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Christmas in Ethiopia

Christmas in Ethiopia

As we approach the holiday season in Canada, you may be curious about what this time of year looks like for the children you support in Ethiopia. We wanted to share some of the traditions connected to Christmas in Ethiopia to connect you to some of the festivities that the Love and Hope children and families may participate in. We also want to note that as a culturally and spiritually diverse country, while many Ethiopians identify as members of the Ethiopian Orthodox church, not all Ethiopians celebrate Christmas.

Ethiopia is one of the oldest nations, dating back to 2500 B.C.  The nation largely converted to Christianity in the early 4th century around 330 making Ethiopia one of the oldest Christian nations. While many parts of the world celebrate Christmas on December 25th, Ethiopia follows the Julian calendar; Ethiopians celebrate Christmas Day which is called Ganna on January 7th. Ganna is a religious occasion with many wonderful, unique, traditions. The giving of gifts is not central to the Ethiopian Christmas tradition, rather the focus is on ritual and ceremony and spending time with family and friends. Neighbors come and go, and the holiday is known for plenty of warmth, laughter, and conversation. Food-based traditions are also an important part of the holiday.

Many Ethiopians carry out a 43-day fast in the lead up to Christmas day. The fast begins on November 25th, a day known as Tsome Nebiyat (Fast of the Prophets) and is held through to January 7th. During this fasting period, Ethiopians eat just one meal a day for 43 days. The daily meal should be free from meat, dairy, and eggs. Ganna begins by fasting the entire day prior to January 7th.  At dawn on the morning of, Ethiopians dress in all white usually donning a traditional shamma (a thin white cotton piece of cloth with brightly colored stripes across the ends) and head to church around 4am after breaking their 43-day fast at daybreak with a light meal. Later in the day a Doro Wat, a spicy stew containing meat and vegetables, and sometimes topped with an egg is eaten. Injera, Ethiopian flatbreads, are used to scoop up and eat the stew.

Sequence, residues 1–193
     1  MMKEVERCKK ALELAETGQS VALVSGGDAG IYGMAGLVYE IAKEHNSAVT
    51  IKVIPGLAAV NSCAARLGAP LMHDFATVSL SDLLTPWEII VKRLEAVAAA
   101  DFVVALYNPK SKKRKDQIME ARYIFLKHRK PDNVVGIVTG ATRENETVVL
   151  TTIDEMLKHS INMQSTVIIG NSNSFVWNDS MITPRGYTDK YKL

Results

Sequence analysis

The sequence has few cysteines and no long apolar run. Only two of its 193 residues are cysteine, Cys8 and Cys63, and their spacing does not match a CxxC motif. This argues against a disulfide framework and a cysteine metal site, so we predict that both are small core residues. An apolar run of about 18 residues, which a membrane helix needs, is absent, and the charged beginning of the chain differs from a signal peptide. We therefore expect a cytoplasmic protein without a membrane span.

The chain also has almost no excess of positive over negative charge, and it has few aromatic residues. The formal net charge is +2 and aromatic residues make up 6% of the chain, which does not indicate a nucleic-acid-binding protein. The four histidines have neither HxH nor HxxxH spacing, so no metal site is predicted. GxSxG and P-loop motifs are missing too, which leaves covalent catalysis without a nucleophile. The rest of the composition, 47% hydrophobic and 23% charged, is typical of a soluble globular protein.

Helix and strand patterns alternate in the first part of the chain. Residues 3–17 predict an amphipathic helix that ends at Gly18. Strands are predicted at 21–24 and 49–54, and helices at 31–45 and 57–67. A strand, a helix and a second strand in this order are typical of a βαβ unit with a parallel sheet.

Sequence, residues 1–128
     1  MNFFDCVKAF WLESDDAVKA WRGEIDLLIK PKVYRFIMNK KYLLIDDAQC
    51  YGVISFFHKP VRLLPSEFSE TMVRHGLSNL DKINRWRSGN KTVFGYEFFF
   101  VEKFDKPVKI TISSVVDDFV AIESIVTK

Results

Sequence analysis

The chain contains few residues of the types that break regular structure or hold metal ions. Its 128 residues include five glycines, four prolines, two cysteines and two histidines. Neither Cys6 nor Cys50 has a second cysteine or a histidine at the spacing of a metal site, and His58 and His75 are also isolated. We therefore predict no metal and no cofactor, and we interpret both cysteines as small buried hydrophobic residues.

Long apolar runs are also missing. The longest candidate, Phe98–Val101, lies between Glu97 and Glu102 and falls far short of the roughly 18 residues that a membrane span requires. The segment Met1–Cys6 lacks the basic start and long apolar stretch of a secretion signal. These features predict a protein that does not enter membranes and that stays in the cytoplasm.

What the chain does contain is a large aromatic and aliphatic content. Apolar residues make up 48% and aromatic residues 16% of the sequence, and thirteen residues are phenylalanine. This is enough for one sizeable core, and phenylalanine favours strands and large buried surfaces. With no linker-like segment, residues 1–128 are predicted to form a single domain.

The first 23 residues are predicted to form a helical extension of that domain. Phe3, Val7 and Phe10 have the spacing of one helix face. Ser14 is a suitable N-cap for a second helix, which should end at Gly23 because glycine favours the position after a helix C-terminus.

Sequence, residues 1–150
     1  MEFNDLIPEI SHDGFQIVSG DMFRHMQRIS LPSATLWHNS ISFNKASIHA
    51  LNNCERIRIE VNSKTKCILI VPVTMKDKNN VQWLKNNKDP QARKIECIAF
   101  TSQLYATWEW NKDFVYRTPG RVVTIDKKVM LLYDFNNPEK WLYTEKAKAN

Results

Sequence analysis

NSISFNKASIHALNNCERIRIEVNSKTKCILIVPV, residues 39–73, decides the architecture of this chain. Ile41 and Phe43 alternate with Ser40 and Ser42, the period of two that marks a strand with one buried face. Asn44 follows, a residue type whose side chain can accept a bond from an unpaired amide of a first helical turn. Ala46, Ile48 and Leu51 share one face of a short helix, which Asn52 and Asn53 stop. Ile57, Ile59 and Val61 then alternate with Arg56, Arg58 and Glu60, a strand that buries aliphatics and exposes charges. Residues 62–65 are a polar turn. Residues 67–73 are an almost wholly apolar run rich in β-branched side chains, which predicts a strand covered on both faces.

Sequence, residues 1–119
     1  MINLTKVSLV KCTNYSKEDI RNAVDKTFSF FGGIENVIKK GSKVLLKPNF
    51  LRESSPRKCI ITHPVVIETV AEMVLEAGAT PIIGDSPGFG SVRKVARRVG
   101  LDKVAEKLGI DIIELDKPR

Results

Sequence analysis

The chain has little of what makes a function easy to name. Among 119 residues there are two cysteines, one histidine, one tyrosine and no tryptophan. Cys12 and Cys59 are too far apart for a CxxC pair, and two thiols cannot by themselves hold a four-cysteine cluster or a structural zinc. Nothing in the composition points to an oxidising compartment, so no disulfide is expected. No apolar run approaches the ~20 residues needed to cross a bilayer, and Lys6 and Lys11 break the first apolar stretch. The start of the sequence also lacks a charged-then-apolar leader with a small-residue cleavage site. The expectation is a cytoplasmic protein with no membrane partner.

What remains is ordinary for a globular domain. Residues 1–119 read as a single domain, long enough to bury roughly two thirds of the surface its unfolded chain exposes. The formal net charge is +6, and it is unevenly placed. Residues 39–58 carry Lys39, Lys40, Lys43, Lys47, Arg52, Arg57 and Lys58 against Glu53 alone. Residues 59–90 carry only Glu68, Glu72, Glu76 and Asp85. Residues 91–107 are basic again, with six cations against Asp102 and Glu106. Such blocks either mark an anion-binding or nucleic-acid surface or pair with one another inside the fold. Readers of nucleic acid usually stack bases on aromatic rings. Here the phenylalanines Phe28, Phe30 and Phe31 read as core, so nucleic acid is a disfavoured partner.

Following this meal there will be a coffee ceremony. Coffee beans will be roasted, and the pan will be passed around for everyone to savor the aroma. Coffee is often served with popcorn and sipped amid burning incense. After the coffee ceremony, special homemade drinks will be served depending on the household. Tej (a popular Ethiopian wine made from fermented honey, without grapes), Tela (a type of home-made beer made from a shrub called Gesho, and a strong alcoholic drink called Araki, made from local plants and herbs. Araki has a strong punch to it, and somewhat tastes like gin.

Men and boys gather during the day to play a ball and stick game also known as ganna. It is a game similar to field hockey, but with less rules. Players use a curved stick and a round wooden ball. The goal is to try and knock a rur, or wooden ball, into a small hole in the ground. This game is played because according to local tradition, the biblical shepherds were playing this game while tending their flocks on the night that Jesus was born. It is also Ethiopian tradition that one of the wise men that visited Jesus was from Ethiopia.

As you may see, there are some similarities between how many of us here in Canada spend the holiday season – with friends and family, enjoying good company, good food, and games – and how many of our connections in Ethiopia celebrate Christmas. There are also some notable differences – particularly when the holiday falls, and the giving and receiving of gifts.

As we approach December 25th and January 7th, all of us at Vulnerable Children would like to wish you and yours a safe and happy holiday.